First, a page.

The Pulp Revolution & Superversive SF

After reading the below posts by JimFear138 and Anthony M., I have decided to weigh on this controversy? Dust up?

Let’s Talk “Hard SF”:

No Genre Purity Tests! at Superversive SF:

Clearing Up Some Confusion:

Full disclosure: while neither group would probably claim me and I think both groups are doing great work, I am closer to the Pulp Revolution in taste.

I want to pick up the battle metaphor that JimFear138 mentions in his blog post “Clearing Up Some Confusion”. The most important thing that the Pulp Revolution & the Superversive SF folks can do is to remember that they have the same enemy. Also…








Now, sometimes during battle, perhaps an ally tosses a grenade a little bit too close to you, but you would not immediately turn on them, would you? Maybe question them, maybe say “Hey! Watch it!”, but you would not declare them your nemesis and open fire on them. I am not necessarily saying that is happening here, but I want to prevent it. I see the potential seeds of that bitter fruit being sown between these two communities.

I am simply asking each group to have some kindness and grace with each other. Can both sides simply decide to take what the other says in the best possible light and assume the best in each other?


4 thoughts on “The Pulp Revolution & Superversive SF

  1. I am a big fan of the pulp rev guys! I support the movement to bring the pulp works to the fore, and in fact with Josh Young have a weekly superversive column at Castalia House; in fact, if you check there now you’ll find my most recent article.

    My disagreements are nothing more than that. I certainly do NOT conaider them enemies!

    – Anthony M


  2. On the issue of breaking the ideological stranglehold that a few large corporations have had on the publishing industry I can safely say that I am in agreement with Indies of all sorts. We are fellow travellers here, Puppies, Pulp Rev, Alt Furry, Superversive, and so on. On this subject I will encourage anyone who wants to write no matter what they write and anyone who wants to read, likewise.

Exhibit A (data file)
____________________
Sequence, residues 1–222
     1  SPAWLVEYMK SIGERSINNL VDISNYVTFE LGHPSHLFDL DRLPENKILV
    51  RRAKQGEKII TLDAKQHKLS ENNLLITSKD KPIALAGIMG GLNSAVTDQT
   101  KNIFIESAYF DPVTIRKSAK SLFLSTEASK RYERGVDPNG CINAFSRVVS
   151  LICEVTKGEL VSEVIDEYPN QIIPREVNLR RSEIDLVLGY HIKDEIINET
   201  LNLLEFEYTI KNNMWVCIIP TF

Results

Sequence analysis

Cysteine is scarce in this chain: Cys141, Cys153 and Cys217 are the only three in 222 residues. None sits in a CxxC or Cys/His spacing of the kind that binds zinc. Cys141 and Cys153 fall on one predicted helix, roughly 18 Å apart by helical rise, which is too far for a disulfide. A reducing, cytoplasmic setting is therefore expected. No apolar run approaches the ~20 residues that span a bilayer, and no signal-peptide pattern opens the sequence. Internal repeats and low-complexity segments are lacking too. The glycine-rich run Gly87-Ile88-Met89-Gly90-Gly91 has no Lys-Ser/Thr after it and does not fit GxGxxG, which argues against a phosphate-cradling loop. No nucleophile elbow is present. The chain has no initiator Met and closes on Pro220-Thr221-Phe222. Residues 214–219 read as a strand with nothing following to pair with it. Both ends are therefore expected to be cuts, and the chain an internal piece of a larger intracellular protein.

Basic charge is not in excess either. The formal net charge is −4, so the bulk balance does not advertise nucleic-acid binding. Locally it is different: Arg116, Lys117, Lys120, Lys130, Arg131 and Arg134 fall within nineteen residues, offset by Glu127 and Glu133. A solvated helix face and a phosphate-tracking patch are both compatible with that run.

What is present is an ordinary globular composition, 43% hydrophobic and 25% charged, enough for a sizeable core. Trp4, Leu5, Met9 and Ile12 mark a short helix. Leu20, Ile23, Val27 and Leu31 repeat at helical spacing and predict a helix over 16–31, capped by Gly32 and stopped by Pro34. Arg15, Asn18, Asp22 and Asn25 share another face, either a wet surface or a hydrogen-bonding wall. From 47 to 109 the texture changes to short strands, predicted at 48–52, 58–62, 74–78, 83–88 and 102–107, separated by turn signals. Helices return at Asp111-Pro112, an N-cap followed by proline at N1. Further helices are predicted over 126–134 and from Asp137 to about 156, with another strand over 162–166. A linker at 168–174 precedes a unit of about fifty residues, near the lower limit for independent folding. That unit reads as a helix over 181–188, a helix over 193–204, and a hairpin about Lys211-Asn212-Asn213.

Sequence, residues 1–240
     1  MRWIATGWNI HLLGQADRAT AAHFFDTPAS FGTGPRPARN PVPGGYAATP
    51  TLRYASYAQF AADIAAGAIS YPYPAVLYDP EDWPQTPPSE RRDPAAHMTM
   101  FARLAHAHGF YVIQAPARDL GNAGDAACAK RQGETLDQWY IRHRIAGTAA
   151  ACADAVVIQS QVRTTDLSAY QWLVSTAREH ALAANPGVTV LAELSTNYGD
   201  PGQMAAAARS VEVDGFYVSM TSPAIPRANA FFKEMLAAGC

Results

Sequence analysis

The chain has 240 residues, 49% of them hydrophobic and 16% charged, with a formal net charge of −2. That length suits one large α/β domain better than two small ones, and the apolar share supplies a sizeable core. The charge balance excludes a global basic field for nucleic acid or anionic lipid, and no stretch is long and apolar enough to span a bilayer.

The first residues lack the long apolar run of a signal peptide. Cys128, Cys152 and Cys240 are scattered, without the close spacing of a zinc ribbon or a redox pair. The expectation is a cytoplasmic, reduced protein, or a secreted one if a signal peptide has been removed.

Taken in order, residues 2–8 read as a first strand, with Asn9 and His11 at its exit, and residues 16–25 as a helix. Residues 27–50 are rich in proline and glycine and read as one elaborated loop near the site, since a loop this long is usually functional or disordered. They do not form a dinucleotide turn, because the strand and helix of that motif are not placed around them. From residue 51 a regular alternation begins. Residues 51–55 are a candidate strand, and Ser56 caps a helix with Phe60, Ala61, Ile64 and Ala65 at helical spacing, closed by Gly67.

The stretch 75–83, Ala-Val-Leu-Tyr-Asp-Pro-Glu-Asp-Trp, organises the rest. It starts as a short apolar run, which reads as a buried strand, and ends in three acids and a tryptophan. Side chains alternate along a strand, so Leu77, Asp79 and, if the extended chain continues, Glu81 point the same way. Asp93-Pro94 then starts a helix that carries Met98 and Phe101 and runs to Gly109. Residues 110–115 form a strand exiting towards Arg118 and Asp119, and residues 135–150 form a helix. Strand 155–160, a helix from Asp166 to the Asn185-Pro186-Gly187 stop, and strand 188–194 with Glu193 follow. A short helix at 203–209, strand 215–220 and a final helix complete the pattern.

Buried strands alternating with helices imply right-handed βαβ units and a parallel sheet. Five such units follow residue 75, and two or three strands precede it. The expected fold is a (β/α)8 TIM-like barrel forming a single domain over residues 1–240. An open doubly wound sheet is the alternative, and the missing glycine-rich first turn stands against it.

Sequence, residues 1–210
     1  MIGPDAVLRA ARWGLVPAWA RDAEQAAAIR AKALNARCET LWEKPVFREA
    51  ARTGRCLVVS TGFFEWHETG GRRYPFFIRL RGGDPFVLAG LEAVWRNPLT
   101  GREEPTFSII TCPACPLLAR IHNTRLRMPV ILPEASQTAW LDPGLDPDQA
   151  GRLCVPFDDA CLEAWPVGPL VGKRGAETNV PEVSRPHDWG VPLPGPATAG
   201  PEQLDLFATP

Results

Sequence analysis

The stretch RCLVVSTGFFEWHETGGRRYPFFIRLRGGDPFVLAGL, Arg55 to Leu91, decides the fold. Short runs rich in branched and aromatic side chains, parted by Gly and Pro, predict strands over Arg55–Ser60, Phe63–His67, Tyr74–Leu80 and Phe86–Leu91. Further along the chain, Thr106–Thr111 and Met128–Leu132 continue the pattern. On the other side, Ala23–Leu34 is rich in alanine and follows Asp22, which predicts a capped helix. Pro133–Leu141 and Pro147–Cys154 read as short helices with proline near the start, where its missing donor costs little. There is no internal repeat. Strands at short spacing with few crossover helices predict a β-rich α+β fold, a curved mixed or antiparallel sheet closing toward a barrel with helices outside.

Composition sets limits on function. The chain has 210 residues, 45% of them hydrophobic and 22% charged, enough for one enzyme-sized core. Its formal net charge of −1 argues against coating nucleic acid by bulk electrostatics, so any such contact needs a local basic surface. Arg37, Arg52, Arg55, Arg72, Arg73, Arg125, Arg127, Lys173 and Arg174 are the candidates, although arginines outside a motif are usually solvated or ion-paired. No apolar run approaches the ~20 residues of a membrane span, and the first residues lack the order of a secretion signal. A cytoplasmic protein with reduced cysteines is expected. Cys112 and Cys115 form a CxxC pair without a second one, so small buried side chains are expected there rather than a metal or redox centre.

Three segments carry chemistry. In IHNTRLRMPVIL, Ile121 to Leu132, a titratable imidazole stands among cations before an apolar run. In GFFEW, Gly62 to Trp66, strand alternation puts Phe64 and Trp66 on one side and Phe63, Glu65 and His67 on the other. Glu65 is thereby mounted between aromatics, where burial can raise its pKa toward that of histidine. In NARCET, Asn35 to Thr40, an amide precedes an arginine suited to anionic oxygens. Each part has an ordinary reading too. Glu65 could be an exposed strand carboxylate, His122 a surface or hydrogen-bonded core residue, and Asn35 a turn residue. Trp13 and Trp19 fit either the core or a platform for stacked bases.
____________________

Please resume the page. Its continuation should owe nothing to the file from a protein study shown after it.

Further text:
However, the significant agreement that we all have on the subject of access to the open marketplace of ideas does not mean that I must abandon my philosophical convictions on the nature of art in general and fiction in particular. Nor will agreeing that someone has a right to publish a particular work cause me to be silent regarding my opinion of that work.

    Granted, I do try to be civil in my discussions of literary theory, primarily because I believe that incivility is the mark of a poorly advanced theory. But I can (and will) say that I think that someone should be encouraged to publish their work and at the same time say that I think that person should be encouraged to reexamine their philosophy of fiction.


    1. I agree wholeheartedly with your comment. I should clarify that if someone writes something terrible, it should be criticized for being terrible. However, that person should still have, in your words, “access to the open marketplace of ideas”.

      I apologize if I gave the impression that we should blindly praise a work simply because it is ideologically in line with what we agree with. That was not my intent.


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